The top honor in the “Best Narrative” category was awarded to Day of Reckoning, a Western drama written and directed by veteran stuntman, Jason Rodriguez. The story is one of a family man who must face the debt he owes for wrongly taking another man’s life — and how he makes peace with his family and his God.

“I am so humbled that this film has touched so many and done so well,” observed Rodriguez. “I know that this festival will continue to grow in the future and inspire other filmmakers to make films for His glory. I know it has me.”

Acts of Mercy, a powerful documentary which shares the hope that the Mercy Ships have brought to victims of deformities in West Africa, garnered the “Best Documentary” Award. Hosted by Bill Kurtis, veteran A&E journalist and former CBS Morning News anchor, and co-produced by Jerry Rose, president of the Total Living Network, Acts of Mercy chronicles the service performed by surgeons onboard the Anastasis, a 522-foot floating hospital. Mr. Rose, a former three-time president of the National Religious Broadcasters, was on hand to receive the award.

The “Best Biblical Family” Award went to White Handkerchief, a twelve minute film that explores one man’s deep desire to reconcile with his parents. Written and produced by eighteen-year-old Philip Leclerc and his sixteen-year-old brother Chris for a price tag of $200, this short film not only took the top honor in the “Best Biblical Family” category, but won runner-up for “Best of Festival.”

Eighteen-year-old Chase Johnson received the “Young Filmmaker’s” Award for his gripping abortion film entitled, The Choice. The twenty-five minute film — which plot twist takes the abortion ethic to its logical conclusion — also took runner-up in the “Best of Narrative” category.

The top award for “Best Animation” — a new category for the 2006 festival — was presented to Sam Lawlace for Winston Churchill: Escape from Pretoria. Sam made the film as a senior homeschool project. While the film features lego-style animation, Sam explained how seriously he took the story: “God used Churchill’s successful escape to bring him into the favorable light of pre-World War England and set him on the course of his life.”

Other winners included: A Lifetime of Childlike Faith, which garnered the runner-up award in the “Best Documentary” category; Hero Dad and the Incredible Cave Rescue, which took home the “Best Biblical Family” runner-up award; and Wars of Humanity II: Price of Rebellion, which came in second place in the “Best Stop Motion Animation” category.

The “Best Trailer” Award, an honor for the trailer that best promoted the festival, went to Cory Taylor.

Monday, October 23, 2006

Erin and David at SAICFF

Thanks again to Alex and Brett Harris of www.therebelution.com for allowing us to post their photo and video coverage of the San Antonio Independent Christian Film Festival. Here is their interview of Erin Arnold and David Attebury.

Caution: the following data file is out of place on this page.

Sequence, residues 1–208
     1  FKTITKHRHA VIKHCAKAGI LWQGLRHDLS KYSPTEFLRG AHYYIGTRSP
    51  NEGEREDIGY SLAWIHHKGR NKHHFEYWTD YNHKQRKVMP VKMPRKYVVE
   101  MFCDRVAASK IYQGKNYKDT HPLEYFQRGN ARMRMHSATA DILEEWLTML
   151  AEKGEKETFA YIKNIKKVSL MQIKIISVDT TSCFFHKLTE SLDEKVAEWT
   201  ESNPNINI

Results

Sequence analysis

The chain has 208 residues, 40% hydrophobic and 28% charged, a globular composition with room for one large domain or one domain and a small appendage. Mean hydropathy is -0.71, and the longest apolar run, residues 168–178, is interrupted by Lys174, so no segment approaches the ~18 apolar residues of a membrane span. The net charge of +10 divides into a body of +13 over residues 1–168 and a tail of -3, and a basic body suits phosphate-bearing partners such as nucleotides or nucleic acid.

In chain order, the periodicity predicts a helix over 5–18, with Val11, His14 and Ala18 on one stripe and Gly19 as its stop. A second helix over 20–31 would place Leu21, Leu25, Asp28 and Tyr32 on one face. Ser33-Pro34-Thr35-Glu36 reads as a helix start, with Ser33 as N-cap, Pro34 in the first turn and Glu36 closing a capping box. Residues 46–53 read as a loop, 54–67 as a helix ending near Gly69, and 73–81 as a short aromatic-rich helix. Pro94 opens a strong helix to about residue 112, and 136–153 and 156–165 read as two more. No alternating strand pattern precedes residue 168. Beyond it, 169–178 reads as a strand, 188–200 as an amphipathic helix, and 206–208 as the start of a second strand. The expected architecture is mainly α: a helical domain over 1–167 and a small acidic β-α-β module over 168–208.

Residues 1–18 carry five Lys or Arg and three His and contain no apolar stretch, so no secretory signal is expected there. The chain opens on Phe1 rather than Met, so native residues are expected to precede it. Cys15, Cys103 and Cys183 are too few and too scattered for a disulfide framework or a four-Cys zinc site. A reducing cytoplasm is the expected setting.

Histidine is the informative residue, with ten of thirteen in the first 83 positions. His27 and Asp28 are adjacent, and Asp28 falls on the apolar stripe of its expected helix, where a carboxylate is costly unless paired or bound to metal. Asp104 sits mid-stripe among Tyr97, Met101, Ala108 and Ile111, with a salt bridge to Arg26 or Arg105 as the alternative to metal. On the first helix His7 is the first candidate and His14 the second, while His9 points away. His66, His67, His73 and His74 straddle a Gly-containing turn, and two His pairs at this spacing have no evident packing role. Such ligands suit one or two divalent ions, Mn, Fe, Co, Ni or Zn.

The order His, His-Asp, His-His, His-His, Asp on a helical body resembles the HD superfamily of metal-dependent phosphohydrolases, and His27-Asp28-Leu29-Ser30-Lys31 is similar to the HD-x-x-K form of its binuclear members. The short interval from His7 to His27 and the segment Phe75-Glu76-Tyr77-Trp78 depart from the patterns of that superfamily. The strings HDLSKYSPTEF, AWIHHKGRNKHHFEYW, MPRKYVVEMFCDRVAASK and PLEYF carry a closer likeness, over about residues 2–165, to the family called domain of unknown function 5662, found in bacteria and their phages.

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Sunday, October 22, 2006

WINNER! (CONT'D)

Thanks to Alex and Brett Harris of www.therebelution.com for allowing us to post their photo and video coverage of the San Antonio Independent Christian Film Festival.
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Erin Arnold, David Attebury, Kristina, Santry, and I accept the Jubilee Award for Best of Festival.
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Kristina, Santry, and I were interviewed by the Harris brothers.
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Opening/Welcome for the SAICFF Awards Ceremony.
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Erin Arnold, Myself, Santry Rush, Kristina Ramsey, David Attebury with the Audience Choice Award.
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The SAICFF Jubilee Award Winners.
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Erin Arnold and David Attebury being interviewed by Nathaniel Darnell of Valor Visual Media.
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WINNER!

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The Oath of Desormeau

San Antonio Independent Christian Film Festival Jubilee Awards:

Best of Festival
Audience Choice Award

What You See is What You Get Festival:

Most Dramatic Film

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Thanks to everyone who worked on The Oath of Desormeau and made this possible! Also, thanks to Vision Forum Ministries and the Judges and Audience of The San Antonio Independent Christian Film Festival. Thank you to the judges and staff or the What You See is What You Get Festival.
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Pictures and video of our winning the award are available on the blog of Alex and Brett Harris who covered The San Antonio Independent Christian Film Festival. When their permission is obtained, I will post them on this site. In the meantime, you can visit Alex and Brett at http://www.therebelution.com.
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Thanks again to the audience of SAICFF for your overwhelming response to our film. This week, I will begin formatting the DVD (with special features) so that we can get it available ASAP. Please continue checking in throughout the week for a release date.

Monday, October 16, 2006

"Give Me Your Hands If We Be Friends"

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Oberon, Puck, Titania, The Indian Boy, and the Fairies.
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The Rude Mechanicals: Snug, Tom Snout, Nick Botton, Robin Starveling, Peter Quince, Francis Flute